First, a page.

In addition to working forty-plus hours a week at iRoofing, she also spent her weekends doing hair and makeup for weddings and other events.
Having a side hustle was rewarding, but once again Calzadilla eventually found herself not seeing a long-term future in that line of work.
“Doing hair and makeup was fun, but it was very labor-intensive,” she says.
“Looking back, I’m happy that I went through it because it made me realize that in order to build foundational success, it wasn’t about what I could do with my own two hands, but what I could create with my mind and then have other people help bring to fruition.”
Calzadilla’s business-related epiphany coincided with returning to iRoofing after taking maternity leave, plus the continuation of her ideas being consistently thwarted by the brass at iRoofing.
“All the marketing ideas that I execute now I actually gave to them [iRoofing] first, but they didn’t want them,” Calzadilla says.
This confluence of factors, along with roofing contractors in Miami routinely inundating her with job offers to run their marketing departments, led Calzadilla to once again bet on herself.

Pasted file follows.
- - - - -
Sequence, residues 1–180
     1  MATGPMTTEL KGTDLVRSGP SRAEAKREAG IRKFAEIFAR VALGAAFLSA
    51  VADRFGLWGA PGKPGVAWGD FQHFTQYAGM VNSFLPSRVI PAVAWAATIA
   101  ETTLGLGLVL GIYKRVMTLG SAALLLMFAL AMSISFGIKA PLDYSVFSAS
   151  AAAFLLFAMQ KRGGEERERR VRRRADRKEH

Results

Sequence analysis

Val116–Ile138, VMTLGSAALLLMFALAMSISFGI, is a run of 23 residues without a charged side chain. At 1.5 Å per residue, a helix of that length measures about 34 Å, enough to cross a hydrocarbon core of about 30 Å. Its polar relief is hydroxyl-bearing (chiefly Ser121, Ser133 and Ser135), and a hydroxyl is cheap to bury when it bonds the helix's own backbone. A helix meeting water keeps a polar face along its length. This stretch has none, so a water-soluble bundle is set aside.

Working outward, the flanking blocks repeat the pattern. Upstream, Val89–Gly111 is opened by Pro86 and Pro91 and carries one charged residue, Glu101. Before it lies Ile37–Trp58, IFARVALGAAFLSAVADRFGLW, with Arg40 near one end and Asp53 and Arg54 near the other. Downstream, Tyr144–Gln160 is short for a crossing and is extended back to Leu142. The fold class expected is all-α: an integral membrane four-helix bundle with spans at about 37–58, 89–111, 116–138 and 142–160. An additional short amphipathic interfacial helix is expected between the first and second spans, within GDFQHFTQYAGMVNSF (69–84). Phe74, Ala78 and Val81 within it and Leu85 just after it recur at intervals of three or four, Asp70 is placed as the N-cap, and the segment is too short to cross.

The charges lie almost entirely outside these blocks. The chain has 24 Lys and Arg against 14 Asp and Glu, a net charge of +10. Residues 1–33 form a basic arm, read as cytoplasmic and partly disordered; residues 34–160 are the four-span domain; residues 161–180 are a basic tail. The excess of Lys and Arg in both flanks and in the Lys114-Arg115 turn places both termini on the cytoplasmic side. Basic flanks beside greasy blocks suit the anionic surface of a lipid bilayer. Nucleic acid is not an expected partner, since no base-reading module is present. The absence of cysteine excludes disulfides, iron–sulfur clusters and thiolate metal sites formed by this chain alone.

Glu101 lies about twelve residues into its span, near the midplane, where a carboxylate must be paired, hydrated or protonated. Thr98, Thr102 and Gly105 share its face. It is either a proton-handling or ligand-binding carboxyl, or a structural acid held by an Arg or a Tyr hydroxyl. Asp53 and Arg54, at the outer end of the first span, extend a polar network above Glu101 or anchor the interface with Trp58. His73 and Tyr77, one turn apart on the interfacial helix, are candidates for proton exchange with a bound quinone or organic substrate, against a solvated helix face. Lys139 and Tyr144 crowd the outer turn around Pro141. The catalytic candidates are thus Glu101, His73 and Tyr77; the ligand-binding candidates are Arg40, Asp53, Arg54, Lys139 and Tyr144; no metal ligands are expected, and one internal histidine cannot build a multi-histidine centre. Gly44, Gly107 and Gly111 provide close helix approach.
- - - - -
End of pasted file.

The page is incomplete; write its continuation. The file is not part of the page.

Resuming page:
Soon, Calzadilla started her own marketing company, the aforementioned Business 411, and immediately began offering her services to roofing contractors not only in Miami, but in the entire United States.
From there, she rented out an office space, and despite the onset of COVID-19 two months after she signed a lease, Business 411 has grown substantially as the demand for Calzadilla’s services has skyrocketed.
“We hired more people as our clientele base increased and also better organized our services,” she says of an acceleration process that has been far from smooth, but still rewarding as Calzadilla and her team have developed systems which allow them to properly service all their customers.
“Going through those initial growing pains was crucial in getting us to where we are now.”
These days, as Business 411 continues to generate new business, more problem points have inevitably popped up, but Calzadilla has addressed those by spending what little free time she has investing in her professional education and reading as many business books as she can.